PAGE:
|So what's your bet on the vote?|
There's a big vote tomorrow regarding common core standards:
- It's not a vote by the taxpayers to determine if they want them in their states.
- It's not a vote by local districts to determine the educational direction for their students.
- It's not a vote to rescind the standards by the state boards.
- It's not a vote by state legislatures to refuse funding for the unfunded mandates created by the standards.
- It's not a vote by Congress to refuse funding for the unfunded mandates.
Those would be the reasonable and constitutional votes by the entities if the rule of law had been followed instead of circumventing the voters and Congress to implement the standards.
The vote tomorrow will be taken to affirm the anti-common core resolution ALEC'S Board adopted last year. From EdWeek:
You may recall that both my colleague Catherine Gewertz and I have written about a resolution at ALEC opposing the Common Core State Standards. The common core, unlike other issues such as model legislation supporting charter schools and vouchers, has caused some dissent in the conservative policy shop. Without getting too deeply into the details, the group's Education Task Force approved the anti-Common Core resolution, but the group's board of directors did not. Now, ALEC is set to consider the resolution again at its meeting on Friday, May 11.
That reconsideration is being watched very closely. Stephanie Banchero of The Wall Street Journal wrote on May 8 that the group's deliberations could deliver a big hit to common core. Then on May 10, with a headline that read "'Common Core' Education Fight to Test ALEC's Conservative Chops," two other conservative think tanks, the American Principles Project (based in Washington) and the Pioneer Institute (based in Boston), directly appealed to ALEC to approve the resolution opposing the standards, which 46 states and the District of Columbia have agreed to adopt.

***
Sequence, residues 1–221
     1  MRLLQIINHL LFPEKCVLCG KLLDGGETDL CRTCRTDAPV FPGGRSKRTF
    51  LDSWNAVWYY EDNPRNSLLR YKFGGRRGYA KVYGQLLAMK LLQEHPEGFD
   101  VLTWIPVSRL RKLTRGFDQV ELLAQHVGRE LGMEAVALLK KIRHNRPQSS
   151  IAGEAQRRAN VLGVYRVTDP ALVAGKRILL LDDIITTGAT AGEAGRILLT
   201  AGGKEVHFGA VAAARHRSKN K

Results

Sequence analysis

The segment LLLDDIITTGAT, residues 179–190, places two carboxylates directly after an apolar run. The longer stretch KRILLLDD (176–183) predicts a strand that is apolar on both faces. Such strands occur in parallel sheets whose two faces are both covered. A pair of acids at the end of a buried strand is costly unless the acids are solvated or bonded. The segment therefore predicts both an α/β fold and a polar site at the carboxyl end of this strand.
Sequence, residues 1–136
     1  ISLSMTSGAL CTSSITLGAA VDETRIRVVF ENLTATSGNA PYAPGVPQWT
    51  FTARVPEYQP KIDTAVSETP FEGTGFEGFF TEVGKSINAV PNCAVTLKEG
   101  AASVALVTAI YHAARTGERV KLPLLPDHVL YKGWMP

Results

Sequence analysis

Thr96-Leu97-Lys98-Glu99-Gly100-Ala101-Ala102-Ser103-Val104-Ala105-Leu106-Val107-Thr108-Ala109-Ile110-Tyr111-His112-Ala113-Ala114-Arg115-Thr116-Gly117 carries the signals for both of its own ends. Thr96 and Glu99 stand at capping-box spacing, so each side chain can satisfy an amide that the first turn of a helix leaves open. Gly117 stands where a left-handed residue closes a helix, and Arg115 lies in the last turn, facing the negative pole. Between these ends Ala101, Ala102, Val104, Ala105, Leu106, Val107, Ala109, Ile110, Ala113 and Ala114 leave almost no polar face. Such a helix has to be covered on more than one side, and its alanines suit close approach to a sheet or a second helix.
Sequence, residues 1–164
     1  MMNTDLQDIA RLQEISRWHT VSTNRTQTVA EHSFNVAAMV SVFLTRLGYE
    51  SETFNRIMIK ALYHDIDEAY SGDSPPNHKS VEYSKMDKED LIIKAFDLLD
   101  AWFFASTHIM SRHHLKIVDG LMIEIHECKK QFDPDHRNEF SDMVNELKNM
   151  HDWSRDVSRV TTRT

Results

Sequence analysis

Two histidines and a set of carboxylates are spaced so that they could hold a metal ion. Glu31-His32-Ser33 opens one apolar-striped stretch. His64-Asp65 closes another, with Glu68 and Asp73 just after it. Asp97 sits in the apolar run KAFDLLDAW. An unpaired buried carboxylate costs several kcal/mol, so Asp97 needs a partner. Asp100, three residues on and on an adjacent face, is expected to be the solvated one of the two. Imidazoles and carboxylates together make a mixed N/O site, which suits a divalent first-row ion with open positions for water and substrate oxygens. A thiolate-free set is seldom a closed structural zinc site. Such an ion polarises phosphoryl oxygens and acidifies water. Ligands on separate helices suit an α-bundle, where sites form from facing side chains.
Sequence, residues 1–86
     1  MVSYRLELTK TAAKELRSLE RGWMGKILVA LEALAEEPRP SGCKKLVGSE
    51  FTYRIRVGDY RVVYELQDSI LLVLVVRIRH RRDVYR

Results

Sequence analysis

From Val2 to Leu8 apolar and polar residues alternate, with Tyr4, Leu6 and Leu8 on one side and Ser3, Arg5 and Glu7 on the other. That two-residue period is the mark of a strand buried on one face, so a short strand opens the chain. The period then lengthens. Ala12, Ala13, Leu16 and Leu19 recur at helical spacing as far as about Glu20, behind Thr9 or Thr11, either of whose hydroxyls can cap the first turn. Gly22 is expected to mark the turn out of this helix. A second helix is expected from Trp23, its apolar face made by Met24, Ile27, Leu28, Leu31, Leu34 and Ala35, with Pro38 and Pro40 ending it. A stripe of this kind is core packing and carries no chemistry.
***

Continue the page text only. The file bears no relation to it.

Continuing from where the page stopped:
Both think tanks have produced a "white paper" (jargon for a "report") and a resolution that a state could use as a model to oppose the common core.
In a press release accompanying the report and resolution, Liv Finne, of the Washington Policy Center (yet another conservative think tank) stated directly that: "The ALEC board should approve the resolution. ... At stake is whether the government responds to the people or to other interests." Emmett McGroarty of the American Principles Project said the report details how the common core was created by "private interests and trade associations" and strongly promoted by the U.S. Department of Education. Finally, the Pioneer Institute's executive director, Jim Stergios, said three federal laws would be violated by the common core's tests.
Will the ALEC Board fulfill its mission for smaller government?
According to the organization's website, members share a common belief that "government closest to the people" is "fundamentally more effective, more just, and a better guarantor of freedom than the distant, bloated federal government in Washington, D.C."
Or will ALEC follow the lead of a pro-common core Democratic and Republican governor?
Not to be outdone, Delaware Gov. Jack Markell, a Democrat, announced May 10 that he was "available to defend" the common core on May 11, the day of ALEC's vote. Markell wrote a 2010 op-ed piece with Indiana Gov. Mitch Daniels, a Republican, praising the standards initiative. He believes that the standards will positively impact America's place in the world.